Mercury Barometer

Mercury Barometer

Usage conditions apply
Over the years, enormous ingenuity has been directed to the problem of designing a barometer that could be safely moved from one place to another. One solution was to have the cistern full during transport, and mechanically expanded to a proper size for actual use. This example is of that sort. The “Tonnelot à Paris” inscription refers to Jules Tonnelot, a Parisian who showed his meteorological instruments at the international exhibitions held in 1878, 1889 and 1900.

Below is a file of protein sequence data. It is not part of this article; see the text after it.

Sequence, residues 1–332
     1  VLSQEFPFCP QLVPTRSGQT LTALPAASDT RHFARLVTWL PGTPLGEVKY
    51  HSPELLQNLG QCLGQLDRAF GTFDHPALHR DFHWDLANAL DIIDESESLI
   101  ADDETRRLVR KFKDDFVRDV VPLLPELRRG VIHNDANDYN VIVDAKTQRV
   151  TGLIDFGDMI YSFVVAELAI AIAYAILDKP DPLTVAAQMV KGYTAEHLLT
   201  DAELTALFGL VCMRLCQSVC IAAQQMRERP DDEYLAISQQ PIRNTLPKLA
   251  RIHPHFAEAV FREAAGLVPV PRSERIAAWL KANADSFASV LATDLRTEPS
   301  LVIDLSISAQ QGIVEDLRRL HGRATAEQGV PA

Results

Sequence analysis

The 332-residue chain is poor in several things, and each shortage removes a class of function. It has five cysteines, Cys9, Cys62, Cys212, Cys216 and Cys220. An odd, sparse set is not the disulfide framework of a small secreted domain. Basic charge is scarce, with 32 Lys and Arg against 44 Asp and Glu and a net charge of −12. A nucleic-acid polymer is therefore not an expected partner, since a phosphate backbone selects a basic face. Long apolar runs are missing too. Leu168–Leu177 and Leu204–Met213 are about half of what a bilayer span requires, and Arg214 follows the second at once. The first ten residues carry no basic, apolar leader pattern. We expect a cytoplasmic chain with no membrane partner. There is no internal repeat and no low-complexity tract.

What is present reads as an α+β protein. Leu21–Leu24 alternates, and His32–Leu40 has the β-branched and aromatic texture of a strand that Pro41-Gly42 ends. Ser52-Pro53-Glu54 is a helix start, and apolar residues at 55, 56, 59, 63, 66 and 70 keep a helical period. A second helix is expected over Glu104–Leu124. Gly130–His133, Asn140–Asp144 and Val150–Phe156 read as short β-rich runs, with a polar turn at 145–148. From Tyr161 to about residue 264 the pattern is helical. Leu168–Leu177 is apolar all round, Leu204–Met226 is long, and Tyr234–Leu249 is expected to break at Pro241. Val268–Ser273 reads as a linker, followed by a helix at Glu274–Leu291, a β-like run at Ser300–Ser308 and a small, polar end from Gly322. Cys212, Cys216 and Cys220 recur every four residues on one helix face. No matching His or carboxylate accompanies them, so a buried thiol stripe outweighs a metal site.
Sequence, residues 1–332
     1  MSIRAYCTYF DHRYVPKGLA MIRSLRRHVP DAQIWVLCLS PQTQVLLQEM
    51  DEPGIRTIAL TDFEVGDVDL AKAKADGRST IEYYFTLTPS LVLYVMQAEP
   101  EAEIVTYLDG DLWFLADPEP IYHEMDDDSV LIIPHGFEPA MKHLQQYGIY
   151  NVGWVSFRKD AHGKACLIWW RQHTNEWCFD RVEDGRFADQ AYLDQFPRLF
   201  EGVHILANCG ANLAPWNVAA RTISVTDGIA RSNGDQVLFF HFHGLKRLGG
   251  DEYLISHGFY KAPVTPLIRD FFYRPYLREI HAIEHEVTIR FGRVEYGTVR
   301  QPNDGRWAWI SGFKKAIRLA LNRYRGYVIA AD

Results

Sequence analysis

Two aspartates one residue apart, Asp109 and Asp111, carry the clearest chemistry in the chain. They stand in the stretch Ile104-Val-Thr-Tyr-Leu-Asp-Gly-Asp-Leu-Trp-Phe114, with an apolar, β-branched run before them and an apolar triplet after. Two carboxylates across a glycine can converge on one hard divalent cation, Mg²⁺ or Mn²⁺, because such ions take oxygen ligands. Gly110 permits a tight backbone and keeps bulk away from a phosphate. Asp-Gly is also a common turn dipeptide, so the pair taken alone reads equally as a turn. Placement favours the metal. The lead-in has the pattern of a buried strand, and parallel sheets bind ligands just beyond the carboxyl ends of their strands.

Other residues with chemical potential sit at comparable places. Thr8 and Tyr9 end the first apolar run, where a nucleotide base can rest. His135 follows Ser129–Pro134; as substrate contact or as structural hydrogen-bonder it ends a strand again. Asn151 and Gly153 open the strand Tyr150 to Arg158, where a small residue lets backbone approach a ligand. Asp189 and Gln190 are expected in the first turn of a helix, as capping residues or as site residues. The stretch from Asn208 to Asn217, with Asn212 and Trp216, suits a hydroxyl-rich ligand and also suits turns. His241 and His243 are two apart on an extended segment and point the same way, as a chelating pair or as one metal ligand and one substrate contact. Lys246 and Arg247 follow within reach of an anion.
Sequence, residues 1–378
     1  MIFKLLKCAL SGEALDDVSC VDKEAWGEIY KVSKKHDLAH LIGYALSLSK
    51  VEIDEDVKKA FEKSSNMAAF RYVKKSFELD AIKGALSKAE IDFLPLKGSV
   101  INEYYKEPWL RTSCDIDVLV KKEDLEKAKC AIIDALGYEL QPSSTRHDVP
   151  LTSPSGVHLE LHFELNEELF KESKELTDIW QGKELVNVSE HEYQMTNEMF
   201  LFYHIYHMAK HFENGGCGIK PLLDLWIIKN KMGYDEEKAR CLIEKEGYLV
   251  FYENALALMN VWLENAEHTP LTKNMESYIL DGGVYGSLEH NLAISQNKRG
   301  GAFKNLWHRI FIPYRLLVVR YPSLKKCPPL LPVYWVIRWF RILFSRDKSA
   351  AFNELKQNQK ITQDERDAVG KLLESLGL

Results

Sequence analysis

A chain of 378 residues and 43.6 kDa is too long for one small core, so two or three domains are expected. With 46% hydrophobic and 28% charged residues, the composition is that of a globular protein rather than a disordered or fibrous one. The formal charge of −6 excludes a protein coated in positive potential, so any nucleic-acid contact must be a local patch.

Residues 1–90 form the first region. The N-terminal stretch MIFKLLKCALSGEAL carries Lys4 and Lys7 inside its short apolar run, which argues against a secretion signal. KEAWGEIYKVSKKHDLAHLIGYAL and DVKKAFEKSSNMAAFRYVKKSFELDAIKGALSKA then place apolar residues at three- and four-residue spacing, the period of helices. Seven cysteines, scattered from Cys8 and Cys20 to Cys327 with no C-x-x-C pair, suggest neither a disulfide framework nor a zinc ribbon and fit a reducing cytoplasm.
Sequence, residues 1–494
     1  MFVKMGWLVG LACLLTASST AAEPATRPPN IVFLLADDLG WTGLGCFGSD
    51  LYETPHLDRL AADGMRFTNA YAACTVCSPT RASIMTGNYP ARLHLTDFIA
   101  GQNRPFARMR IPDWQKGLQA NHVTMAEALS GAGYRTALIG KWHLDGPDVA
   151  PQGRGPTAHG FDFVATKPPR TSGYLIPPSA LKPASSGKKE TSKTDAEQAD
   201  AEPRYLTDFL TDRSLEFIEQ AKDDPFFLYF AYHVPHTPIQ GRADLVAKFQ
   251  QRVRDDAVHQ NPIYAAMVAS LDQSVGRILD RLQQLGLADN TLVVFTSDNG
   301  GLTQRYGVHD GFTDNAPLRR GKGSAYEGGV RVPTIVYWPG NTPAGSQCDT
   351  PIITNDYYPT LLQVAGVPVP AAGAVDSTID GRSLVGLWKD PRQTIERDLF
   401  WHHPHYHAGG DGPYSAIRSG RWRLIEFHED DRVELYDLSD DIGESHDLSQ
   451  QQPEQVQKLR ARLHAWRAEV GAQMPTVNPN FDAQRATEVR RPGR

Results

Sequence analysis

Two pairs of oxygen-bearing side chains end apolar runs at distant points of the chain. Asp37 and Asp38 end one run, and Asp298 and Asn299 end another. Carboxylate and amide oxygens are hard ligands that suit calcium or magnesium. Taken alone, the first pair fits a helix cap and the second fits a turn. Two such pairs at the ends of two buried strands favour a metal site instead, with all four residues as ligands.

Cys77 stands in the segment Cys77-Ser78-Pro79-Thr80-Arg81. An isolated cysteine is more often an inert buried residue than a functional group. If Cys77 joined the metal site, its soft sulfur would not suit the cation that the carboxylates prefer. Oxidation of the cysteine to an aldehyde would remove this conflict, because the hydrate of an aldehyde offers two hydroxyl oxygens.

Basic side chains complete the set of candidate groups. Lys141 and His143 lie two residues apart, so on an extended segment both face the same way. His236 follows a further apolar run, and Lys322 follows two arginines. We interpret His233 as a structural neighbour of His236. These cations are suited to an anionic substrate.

Currently not on view
Object Name
Mercury Barometer
Tonnelot, Jules
place made
France: Île-de-France, Paris
overall: 35 in; 88.9 cm
overall: 36 5/8 in x 3 7/8 in; 93.0275 cm x 9.8425 cm
ID Number
accession number
catalog number
Credit Line
U.S. Signal Corps
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Medicine and Science: Physical Sciences
Measuring & Mapping
Data Source
National Museum of American History
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